Blockchain may be hot but beware if you are using it to provide services in China!
On 19 October 2018, the Cyberspace Administration of China (CAC) released a draft regulation concerning blockchain information service for public consultation. The consultation will end on 2 November 2018.
The draft regulation is promulgated pursuant to, among other laws, the Regulation on the Administration of Internet Information Service and the Cyber Security Law, and outlines several proposed new rules that would apply to any China-based companies and entities which would be regarded as a "blockchain information service provider" under the proposed regulation.
A quick snapshot of the new draft regulation is set out below:
The draft regulation is aimed at "blockchain information service provider". In the draft regulation, blockchain information service providers are defined to mean "entities or nodes" that provide information services to the public, including both institutions and individuals, using blockchain technology through websites and apps.
The CAC does not draw a clear line as to exactly what type of blockchain entities would be bound by its definition, but the general industry understanding is that the regulation will also affect supernodes of particular blockchain networks.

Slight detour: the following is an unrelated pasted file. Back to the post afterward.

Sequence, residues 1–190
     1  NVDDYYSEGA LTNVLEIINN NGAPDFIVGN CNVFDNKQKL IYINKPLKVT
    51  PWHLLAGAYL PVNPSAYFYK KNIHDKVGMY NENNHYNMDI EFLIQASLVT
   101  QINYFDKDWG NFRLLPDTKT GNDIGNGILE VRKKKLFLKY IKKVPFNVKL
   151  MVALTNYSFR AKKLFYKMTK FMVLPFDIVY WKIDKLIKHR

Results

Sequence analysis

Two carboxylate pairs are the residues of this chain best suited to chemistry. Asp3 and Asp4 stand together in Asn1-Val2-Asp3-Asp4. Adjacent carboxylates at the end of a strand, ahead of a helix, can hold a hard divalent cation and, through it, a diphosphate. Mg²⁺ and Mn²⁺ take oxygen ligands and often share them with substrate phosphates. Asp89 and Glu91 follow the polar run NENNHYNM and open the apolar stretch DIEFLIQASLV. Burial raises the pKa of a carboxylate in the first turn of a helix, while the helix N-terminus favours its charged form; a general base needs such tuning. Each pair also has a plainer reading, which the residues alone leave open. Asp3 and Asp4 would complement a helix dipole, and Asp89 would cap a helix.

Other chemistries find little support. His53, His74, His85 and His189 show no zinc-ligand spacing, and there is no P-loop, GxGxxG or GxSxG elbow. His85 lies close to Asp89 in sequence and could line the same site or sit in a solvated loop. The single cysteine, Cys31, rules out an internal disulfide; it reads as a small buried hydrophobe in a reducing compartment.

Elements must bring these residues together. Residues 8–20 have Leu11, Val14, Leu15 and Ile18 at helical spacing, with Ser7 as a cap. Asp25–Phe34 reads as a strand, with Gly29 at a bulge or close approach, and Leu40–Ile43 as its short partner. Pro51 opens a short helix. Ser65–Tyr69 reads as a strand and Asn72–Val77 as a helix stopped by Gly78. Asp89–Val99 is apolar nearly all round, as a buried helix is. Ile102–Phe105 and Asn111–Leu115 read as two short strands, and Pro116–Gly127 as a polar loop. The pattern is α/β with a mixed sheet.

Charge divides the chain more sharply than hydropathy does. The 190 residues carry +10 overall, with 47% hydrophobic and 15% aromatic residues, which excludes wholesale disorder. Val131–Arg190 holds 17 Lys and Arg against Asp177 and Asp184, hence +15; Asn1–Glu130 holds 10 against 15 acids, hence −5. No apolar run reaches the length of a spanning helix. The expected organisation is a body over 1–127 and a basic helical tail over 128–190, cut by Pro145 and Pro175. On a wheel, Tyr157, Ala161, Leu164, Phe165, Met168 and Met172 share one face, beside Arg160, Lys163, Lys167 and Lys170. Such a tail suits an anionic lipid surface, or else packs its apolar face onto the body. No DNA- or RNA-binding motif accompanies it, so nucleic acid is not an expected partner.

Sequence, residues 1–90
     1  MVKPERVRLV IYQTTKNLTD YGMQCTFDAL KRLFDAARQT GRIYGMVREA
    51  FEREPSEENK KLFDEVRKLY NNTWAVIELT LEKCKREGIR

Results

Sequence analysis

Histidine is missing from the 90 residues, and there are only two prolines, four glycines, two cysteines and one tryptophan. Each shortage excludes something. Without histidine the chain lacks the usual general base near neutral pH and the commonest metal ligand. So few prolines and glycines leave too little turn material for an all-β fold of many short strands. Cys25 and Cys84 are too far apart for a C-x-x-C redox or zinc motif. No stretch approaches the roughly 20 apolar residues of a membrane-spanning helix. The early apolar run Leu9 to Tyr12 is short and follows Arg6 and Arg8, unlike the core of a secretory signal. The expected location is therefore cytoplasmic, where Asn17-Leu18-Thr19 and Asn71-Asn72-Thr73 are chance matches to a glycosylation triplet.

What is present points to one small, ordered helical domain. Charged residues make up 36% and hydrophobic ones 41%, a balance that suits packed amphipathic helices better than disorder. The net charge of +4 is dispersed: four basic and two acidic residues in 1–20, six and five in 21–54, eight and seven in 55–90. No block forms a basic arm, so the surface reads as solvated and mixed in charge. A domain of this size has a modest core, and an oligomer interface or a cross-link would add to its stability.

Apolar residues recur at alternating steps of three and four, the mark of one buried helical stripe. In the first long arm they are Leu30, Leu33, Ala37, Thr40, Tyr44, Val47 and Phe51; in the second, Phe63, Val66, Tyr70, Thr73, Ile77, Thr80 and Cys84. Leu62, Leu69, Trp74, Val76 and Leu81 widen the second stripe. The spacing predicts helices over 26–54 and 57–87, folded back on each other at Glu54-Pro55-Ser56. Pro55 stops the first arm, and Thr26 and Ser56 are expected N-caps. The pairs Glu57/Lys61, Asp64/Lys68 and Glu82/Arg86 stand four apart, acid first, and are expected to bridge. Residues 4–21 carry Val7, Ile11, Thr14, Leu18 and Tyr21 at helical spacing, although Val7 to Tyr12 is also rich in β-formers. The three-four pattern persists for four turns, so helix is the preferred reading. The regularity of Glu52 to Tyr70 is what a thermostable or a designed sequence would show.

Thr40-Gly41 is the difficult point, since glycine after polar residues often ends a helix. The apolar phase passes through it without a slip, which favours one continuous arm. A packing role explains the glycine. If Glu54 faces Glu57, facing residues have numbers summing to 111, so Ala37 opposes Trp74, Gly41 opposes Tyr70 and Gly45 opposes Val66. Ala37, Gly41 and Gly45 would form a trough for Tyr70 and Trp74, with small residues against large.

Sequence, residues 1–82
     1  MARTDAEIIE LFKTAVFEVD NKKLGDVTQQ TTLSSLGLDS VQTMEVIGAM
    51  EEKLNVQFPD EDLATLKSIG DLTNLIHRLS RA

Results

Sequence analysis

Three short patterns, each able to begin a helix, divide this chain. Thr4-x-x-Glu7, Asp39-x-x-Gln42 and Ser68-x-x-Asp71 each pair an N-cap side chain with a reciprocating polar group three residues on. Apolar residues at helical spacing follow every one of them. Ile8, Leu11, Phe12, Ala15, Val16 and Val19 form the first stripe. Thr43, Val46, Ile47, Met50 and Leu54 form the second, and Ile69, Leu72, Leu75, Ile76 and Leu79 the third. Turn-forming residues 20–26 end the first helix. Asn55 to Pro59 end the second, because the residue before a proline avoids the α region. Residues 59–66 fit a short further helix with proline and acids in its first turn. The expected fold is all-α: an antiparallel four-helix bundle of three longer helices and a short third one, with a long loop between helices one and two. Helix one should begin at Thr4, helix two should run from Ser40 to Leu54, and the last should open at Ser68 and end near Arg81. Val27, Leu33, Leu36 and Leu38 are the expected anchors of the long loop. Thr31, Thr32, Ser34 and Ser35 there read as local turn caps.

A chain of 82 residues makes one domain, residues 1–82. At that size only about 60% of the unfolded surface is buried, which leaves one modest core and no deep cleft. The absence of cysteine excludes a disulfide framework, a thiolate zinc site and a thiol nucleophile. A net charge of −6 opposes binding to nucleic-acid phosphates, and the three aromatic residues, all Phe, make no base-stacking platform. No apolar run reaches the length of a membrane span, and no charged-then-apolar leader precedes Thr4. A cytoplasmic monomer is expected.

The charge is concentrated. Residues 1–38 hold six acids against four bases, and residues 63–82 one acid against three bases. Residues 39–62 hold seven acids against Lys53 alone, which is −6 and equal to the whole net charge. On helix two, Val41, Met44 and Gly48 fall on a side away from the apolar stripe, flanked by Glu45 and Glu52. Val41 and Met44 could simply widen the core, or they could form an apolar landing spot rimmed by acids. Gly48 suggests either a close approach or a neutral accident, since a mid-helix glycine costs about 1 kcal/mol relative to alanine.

A number of obligations are imposed on the blockchain information service providers by the draft regulation, including:
The proposed regulations also set out in detail the various sanctions which the public authorities can impose in the event any supervision or inspection reveals any non-compliance.
Although regulations aimed at regulating the blockchain industry are still under development, this proposed regulation demonstrates China's continued attempt to regulate the internet by law. Most of the requirements however are already embedded in existing laws and regulations and should not present a surprise to businesses interested in using blockchain to provide information services in China.